Update: pkgcheck

The macOS Monterey 12.3 beta release notes say that the Python 2.7 binary (located in /usr/bin/python) will be removed. Since you follow this blog, this should not come as a surprise. We have been warned about this since Catalina. (Or longer)

That said, the removal of Python 2 in a minor macOS release is surprising. Minor updates should not have breaking changes or removals. Admins and developers may not expect removals and other breaking changes in a minor update and therefore not be paying as much attention to changes. Also, the time a minor update is in beta is usually 6-8 weeks, which leaves us and developers much less time to find and fix problems than a major update beta phase, which is usually 4-5 months.

Nevertheless, we have to work with what Apple deals to us. MacAdmins have been investigating their own tools and scripts since the Monterey release or earlier to avoid the prompts. But when you get vendor pkgs, these might contain anything. While you can inspect pkgs with tools like pkgutil, Pacifist or Suspicious Package, it can get tedious with many packages.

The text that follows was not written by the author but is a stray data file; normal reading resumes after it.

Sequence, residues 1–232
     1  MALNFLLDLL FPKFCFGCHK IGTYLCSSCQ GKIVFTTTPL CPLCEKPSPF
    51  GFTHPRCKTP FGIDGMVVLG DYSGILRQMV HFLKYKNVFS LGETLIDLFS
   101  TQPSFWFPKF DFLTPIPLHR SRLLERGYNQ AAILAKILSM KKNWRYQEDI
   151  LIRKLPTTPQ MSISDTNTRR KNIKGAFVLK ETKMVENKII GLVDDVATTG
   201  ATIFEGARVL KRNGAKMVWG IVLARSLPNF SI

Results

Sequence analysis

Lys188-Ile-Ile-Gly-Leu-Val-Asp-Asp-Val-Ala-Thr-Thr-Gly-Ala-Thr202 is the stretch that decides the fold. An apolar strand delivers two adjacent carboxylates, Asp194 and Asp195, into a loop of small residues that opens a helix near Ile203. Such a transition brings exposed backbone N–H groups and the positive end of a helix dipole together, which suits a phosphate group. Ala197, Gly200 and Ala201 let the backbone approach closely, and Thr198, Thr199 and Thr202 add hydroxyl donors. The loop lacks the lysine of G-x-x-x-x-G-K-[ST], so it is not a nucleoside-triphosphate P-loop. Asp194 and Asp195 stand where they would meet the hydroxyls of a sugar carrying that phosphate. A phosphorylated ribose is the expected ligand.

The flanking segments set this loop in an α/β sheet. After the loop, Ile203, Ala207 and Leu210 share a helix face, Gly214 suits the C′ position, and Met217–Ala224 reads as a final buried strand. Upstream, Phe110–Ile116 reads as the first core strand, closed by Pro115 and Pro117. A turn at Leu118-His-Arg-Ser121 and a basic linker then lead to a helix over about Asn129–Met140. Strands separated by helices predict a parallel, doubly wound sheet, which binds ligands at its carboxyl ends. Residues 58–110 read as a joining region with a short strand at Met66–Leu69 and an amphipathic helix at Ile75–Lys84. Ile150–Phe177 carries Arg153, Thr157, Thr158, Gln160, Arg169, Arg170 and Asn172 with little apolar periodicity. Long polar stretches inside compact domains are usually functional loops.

A while back I built a script called pkgcheck to automate this check. Since I (and many others) have started using it again in the recent days, I have added a few more checks to it.

The earlier version would flag files in the installer’s resources that had a /bin/bash, /usr/bin/python, /usr/bin/ruby, or /usr/bin/perl shebang. (the first line with the #!) I have now also added check for a shebang with /usr/bin/env [python|ruby|perl] because when run from an installer pkg, this will also resolve tousing the built-in, deprecated runtimes. Also, using python in the shebang will now be shown as a red error, rather than a yellow warning.

The script will now also grep for use of python in installation scripts and show those scripts. This might generate a few false positives. You will have to use your judgement. For example using python3 in an installation script will also trigger this. But then, it probably should, since python3 is not installed on macOS by default. (What you see in /usr/bin/python3 is a shim that prompts you to install the Command Line Developer Tools, unless they or Xcode are already installed.)

I hope this is useful!

Leave a Reply

Your email address will not be published.

This site uses Akismet to reduce spam. Learn how your comment data is processed.